Marty Brown from Daktronics agrees: “It’s just so happening that the price point of the 3mm products is higher than it needs to be to be accepted by the market.”

Away from rental there is still a small niche for 3mm products. In order to achieve HD resolution, in a screen of a reasonable size, you need your pixels as tightly packed as possible. German telecomms company T-Com had Europe’s first native HD LE display installed at their Bonn HQ. It consisted of 18 sqm of Mitsubishi’s IDT3 3mm product at a resolution of 1920 x 1080.

For most applications even 4mm screens are probably a little too expensive. Barco’s Chris Colpaert, Director of Product Management for Media and Events, believes that 6mm pixel pitch is both sufficient and cost effective and that the shift to 4mm will be relatively slow compared to the transitions that have happened in the past.

So if everyone is agreed that 3mm is as low as the rental companies will limbo, where will the innovations come from? Image quality appears to be the new mantra, in terms of colour-reproduction, contrast and also the mechanical stability of the LED modules. Black it seems really is the new black, as most of the major players now offer a solution to deliver improved blacks. Hibino has a Black Face product in 4 and 6mm pitches, named 4B and 6B. Mitsubishi’s Black Package 4 and 6 mm products were used at the IAA show in Frankfurt and Lighthouse has a rental product called R4-B (rental, 4mm, black) in the works. Barco’s NX-4 and forthcoming NX-6 products both play to the demand for better blacks and therefore greater contrast.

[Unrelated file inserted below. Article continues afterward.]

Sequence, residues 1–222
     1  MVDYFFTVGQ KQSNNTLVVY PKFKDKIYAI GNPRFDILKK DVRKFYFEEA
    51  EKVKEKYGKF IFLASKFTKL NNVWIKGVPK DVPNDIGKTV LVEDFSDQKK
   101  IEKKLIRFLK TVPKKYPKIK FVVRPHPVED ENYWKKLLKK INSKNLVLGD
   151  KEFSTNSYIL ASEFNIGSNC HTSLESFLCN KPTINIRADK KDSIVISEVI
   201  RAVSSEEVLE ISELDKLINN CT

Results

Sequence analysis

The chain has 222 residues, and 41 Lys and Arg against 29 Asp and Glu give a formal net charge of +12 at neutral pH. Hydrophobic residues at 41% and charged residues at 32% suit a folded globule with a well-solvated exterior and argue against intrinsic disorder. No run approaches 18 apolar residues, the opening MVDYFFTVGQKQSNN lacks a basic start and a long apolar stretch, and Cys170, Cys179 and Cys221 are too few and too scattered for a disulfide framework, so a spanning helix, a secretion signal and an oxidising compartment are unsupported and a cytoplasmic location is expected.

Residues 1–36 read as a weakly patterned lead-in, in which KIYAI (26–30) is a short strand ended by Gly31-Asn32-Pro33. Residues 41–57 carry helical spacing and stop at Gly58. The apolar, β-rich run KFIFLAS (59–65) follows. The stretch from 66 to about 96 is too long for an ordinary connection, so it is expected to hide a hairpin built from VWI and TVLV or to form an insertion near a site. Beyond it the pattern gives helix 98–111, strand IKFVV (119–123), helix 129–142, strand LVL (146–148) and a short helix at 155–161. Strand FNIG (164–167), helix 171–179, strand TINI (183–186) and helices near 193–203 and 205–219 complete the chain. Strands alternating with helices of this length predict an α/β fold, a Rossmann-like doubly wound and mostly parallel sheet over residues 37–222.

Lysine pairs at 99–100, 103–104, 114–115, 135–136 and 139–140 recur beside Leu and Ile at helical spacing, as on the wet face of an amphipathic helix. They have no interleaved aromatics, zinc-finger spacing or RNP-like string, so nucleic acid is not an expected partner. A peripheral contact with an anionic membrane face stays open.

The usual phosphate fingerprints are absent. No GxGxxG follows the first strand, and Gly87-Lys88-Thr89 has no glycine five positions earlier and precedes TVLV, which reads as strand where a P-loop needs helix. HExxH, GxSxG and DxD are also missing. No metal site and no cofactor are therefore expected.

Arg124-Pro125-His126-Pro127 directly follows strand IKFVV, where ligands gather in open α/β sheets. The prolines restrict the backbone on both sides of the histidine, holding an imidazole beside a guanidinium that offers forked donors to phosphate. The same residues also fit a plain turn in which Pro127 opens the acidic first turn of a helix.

Other innovations include more physical considerations. Packing LEDs more closely together increases the current density of the modules and therefore the amount of heat they put out. Despite the improvements in the efficiency of the LEDs this still means more cooling is required, and that means more fans. However fans are noisy beasts so the likes of Lighthouse, Barco and Daktronics are hard at work developing quieter and more efficient cooling systems. Mark Chan again: “Our approach to design has become more holistic. We aren’t just considering the LEDs themselves but also the thermal issues and over all weight of a wall. Shipping rental systems around the world is very expensive.”

Another upshot of increased LED density is an effect known as colour shift. “When you are viewing a very tightly packed wall from a wide viewing angle then some LEDs block the light from other LEDs,” explained Daktronics’ Brown. “We can’t change the LEDs themselves, but we can control the pattern in which we apply them. We can also control the louvre and plastics design on the face of the module.”